"Conformance Program Specification for the OASIS Security Assertion Markup Language (SAML)." Edited by Robert Griffin (Entrust) and Eve Maler (Sun Microsystems). Publication date: 19-April-2002. Reference: cs-sstc-conform-00. 21 pages. "This document describes the program and technical requirements for the SAML conformance system... SAML deals with a rich set of functionalities ranging from authentication assertions to assertions for policy enforcement. Not all software might choose to implement all the SAML specifications. In order to achieve compatibility and interoperability, applications and software need to be certified for conformance in a uniform manner. The SAML conformance effort aims at fulfilling this need. The deliverables of the SAML conformance effort include: (1) Conformance Clause, defining at a high-level what conformance means for the SAML standard; (2) Conformance Program specification, defining how an implementation or application establishes conformance; (3) Conformance Test Suite. This is a set of test programs, result files and report generation tools that can be used by vendors of SAML-compliant software, buyers interested in confirming SAML compliance of software, and testing labs running conformance tests on behalf of vendors or buyers..."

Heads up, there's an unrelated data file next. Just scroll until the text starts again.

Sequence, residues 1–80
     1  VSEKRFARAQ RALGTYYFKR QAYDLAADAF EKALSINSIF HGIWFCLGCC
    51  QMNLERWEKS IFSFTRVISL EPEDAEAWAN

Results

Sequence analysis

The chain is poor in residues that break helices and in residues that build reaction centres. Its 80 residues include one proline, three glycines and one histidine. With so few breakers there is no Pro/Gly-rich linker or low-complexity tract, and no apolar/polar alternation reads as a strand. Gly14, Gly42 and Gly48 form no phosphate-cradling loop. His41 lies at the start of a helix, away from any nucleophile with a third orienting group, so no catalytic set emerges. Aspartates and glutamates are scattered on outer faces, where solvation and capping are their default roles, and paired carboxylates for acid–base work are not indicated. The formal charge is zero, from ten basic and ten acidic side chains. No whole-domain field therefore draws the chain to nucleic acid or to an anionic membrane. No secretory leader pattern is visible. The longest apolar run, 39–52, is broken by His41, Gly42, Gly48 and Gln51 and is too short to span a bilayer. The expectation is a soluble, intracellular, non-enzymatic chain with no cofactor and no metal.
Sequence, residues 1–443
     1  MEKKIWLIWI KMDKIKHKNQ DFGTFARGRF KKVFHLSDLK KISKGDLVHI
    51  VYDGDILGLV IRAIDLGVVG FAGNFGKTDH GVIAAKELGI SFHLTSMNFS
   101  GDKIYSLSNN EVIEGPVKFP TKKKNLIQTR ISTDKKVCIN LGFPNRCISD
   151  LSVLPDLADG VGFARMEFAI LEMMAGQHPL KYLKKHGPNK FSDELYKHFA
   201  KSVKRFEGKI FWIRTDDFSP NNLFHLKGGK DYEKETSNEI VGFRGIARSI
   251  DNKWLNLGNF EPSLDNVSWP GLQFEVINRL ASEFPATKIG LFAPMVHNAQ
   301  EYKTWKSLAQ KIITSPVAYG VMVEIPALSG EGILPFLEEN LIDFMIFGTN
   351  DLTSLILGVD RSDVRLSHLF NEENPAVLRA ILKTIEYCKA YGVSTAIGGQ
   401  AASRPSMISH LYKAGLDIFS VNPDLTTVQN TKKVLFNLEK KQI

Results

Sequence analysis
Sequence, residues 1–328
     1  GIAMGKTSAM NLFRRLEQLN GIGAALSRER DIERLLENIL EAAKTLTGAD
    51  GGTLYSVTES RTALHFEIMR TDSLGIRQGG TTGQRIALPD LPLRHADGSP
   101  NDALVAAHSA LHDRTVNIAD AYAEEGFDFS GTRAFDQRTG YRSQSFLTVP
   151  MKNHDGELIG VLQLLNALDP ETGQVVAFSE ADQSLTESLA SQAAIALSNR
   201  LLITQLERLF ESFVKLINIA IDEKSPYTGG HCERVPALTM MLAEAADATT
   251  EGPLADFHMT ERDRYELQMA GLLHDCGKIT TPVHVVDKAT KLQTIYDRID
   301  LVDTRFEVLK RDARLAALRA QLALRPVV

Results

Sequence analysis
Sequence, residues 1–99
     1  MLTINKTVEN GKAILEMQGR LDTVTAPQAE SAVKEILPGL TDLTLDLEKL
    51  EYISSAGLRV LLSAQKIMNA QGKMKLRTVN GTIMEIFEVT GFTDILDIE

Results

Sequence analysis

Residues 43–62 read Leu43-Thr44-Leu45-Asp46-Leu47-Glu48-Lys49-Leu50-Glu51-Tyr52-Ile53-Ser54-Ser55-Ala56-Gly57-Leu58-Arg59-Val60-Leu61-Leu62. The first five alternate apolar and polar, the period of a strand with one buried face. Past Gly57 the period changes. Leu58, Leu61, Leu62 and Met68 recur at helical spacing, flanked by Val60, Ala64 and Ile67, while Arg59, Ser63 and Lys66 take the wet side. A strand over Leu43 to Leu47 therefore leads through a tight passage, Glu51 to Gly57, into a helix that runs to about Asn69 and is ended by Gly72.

"Glossary for the OASIS Security Assertion Markup Language (SAML)." Edited by Jeff Hodges (Sun Microsystems) and Eve Maler (Sun Microsystems). Publication date: 19-April-2002. Reference: cs-sstc-glossary-00. 13 pages. "This normative document defines terms used throughout the OASIS Security Assertion Markup Language (SAML) specifications and related documents. Some definitions are derived directly from external sources (referenced in an appendix), some definitions based on external sources have been substantively modified to fit the SAML context, and some are newly developed for SAML. Please refer to the external sources for definitions of terms not explicitly defined here. Some definitions have multiple senses provided. They are denoted by '(a)', '(b)', and so on. References to terms defined elsewhere in this glossary are italicized..."